DSPL boss commends NITDA as NDPR gains global traction

THE Chief Executive Officer of Data Services Protection Limited (DSPL), Mr Tunde Balogun has commended the National Information Technology Development Agency (NITDA) for instituting the Nigeria Data Protection Regulation (NDPR) 2019.

Nigeria is already ranked progressively ‘Amber’ on the global data protection scale, the DSPL boss revealed. According to Balogun, DLA Piper, which ranks data protection regulation of each country all over the world through colours, had given the NDPR Amber, which shows it’s a moderate regulation. DLA Piper is a global firm with presence in countries throughout the Americas, Europe, the Middle East, Africa and Asia Pacific.

“In Piper’s ranking, Green is for strong regulation; Amber is for moderate and Red is for weak regulation. NDPR was awarded Amber, which is moderate. There are some advanced countries in the world that their regulation was marked Red; countries that are more advanced than us. So, if you want to look at it, NDPR in terms of comparison to other countries’ regulation is decent and progressive,” said Balogun.

Balogun, who is also the Convener of the Association of Licensed Data Protection Organisations of Nigeria, commended the efforts of the immediate past Director-General of NITDA, who is the current Minister of Communications and Digital Economy Dr Isa Ali Ibrahim Pantami, for coming up with the NDPR.

Balogun added that in terms of the structure of the implementation, the NDPR is unique in the world.

“It is unique in the sense that it creates that layer of licensed firms to help organisations for implementation. There is nowhere in the world where that is done. That uniqueness is a masterstroke, very ingenious by the immediate past DG of NITDA and his team. All other African countries are now looking at our model” he explained.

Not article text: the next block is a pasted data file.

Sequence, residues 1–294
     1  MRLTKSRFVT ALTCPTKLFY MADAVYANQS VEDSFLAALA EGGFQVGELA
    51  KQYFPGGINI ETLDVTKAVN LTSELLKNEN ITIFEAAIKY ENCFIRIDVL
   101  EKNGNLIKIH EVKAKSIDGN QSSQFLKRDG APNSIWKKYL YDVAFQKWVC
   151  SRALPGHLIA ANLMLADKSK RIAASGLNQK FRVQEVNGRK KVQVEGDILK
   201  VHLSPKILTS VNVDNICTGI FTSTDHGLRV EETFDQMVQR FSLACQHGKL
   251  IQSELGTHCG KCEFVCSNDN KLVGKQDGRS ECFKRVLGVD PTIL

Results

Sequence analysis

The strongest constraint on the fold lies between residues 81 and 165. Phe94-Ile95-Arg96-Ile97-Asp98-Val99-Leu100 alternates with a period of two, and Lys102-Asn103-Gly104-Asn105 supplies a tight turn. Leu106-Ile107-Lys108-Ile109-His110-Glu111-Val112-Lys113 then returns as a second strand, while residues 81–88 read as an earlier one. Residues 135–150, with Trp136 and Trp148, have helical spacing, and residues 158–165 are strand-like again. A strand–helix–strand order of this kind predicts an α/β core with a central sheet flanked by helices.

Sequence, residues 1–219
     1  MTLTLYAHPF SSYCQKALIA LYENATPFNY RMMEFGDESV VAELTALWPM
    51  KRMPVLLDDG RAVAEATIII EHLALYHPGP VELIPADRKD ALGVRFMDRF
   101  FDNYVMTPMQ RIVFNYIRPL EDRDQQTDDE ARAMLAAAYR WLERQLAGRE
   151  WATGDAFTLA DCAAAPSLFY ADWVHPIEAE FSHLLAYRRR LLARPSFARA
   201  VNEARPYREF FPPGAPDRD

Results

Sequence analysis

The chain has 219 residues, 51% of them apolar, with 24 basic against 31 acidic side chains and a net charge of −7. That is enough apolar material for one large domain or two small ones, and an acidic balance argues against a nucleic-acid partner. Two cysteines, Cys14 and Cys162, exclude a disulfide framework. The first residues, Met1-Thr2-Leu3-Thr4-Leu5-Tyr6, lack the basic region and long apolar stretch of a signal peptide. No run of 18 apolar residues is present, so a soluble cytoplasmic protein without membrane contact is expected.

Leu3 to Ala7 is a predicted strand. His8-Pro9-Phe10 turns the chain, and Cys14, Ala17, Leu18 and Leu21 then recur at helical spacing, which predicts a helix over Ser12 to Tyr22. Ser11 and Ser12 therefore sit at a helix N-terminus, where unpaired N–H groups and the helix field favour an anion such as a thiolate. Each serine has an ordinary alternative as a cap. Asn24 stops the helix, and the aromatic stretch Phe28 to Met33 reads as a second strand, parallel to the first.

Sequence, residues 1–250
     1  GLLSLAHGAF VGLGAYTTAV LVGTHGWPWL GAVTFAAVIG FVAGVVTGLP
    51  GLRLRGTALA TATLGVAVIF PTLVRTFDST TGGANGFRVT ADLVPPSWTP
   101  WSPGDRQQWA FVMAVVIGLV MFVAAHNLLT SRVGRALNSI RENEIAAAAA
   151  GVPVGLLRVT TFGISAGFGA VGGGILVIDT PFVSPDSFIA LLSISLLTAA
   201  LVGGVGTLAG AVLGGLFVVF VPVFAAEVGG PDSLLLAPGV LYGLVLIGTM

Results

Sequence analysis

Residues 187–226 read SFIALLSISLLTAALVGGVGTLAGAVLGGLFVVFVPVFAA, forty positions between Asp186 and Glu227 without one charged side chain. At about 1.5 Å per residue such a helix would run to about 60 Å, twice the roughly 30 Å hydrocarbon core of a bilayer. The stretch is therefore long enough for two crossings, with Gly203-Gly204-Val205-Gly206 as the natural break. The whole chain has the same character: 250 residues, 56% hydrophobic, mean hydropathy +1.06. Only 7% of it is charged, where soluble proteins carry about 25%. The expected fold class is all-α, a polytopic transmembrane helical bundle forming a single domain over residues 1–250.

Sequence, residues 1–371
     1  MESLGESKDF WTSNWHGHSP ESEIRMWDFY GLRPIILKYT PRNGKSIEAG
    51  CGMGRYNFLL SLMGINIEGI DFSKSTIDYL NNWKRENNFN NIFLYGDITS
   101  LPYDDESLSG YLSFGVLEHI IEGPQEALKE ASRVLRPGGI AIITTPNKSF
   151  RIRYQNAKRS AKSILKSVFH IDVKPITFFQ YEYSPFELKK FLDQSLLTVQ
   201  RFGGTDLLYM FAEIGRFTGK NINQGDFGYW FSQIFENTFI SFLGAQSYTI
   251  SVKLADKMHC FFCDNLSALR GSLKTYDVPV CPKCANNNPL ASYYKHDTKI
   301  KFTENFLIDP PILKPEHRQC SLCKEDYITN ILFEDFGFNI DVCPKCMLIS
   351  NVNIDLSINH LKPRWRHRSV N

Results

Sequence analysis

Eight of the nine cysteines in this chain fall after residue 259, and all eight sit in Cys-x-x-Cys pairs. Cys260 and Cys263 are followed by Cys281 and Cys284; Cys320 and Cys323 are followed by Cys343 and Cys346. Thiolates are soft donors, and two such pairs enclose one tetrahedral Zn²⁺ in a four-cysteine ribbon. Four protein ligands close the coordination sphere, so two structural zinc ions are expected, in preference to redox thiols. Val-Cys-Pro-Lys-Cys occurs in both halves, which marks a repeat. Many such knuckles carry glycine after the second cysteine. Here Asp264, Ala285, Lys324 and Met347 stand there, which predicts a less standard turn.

Since licensed as a Data Protection Compliance Organisation (DCPO), DSPL has become a leading DCPO in Nigeria’s fast-growing data protection industry with robust grip of the public sector.

According to Balogun, DSPL has mapped out strategy to help public institutions comply with the country’s data protection regulation. This strategy, the company said, was necessitated by the fact that data breaches are likely to occur mostly in the public sector.

He said ministries, departments and agencies (MDAs) of government in the country handle the largest amount of personal data that could be easily compromised, thereby leading to a breach of the NDPR.

DSPL has been driving the advocacy among public institutions to ensure that they comply with the NDPR, Balogun added.

“We are doing a lot of advocacy in the public sector because public institutions are the biggest processors of personal data anywhere in the world. Government data subject is the population. If you are in the private sector, your population is your customers.

“So, if you only have 20,000 customers, that’s your entire population, but government controls the data of all citizens from the local government to state and the federal.

“Also, any public institution, any ministry, department or agency, from local government or whatever, will tend to handle personal data more than the private sector,” Balogun said.

While noting that the company has strategically introduced solutions for the public sector, he said its products also cater to the need of organisations in the private sector.



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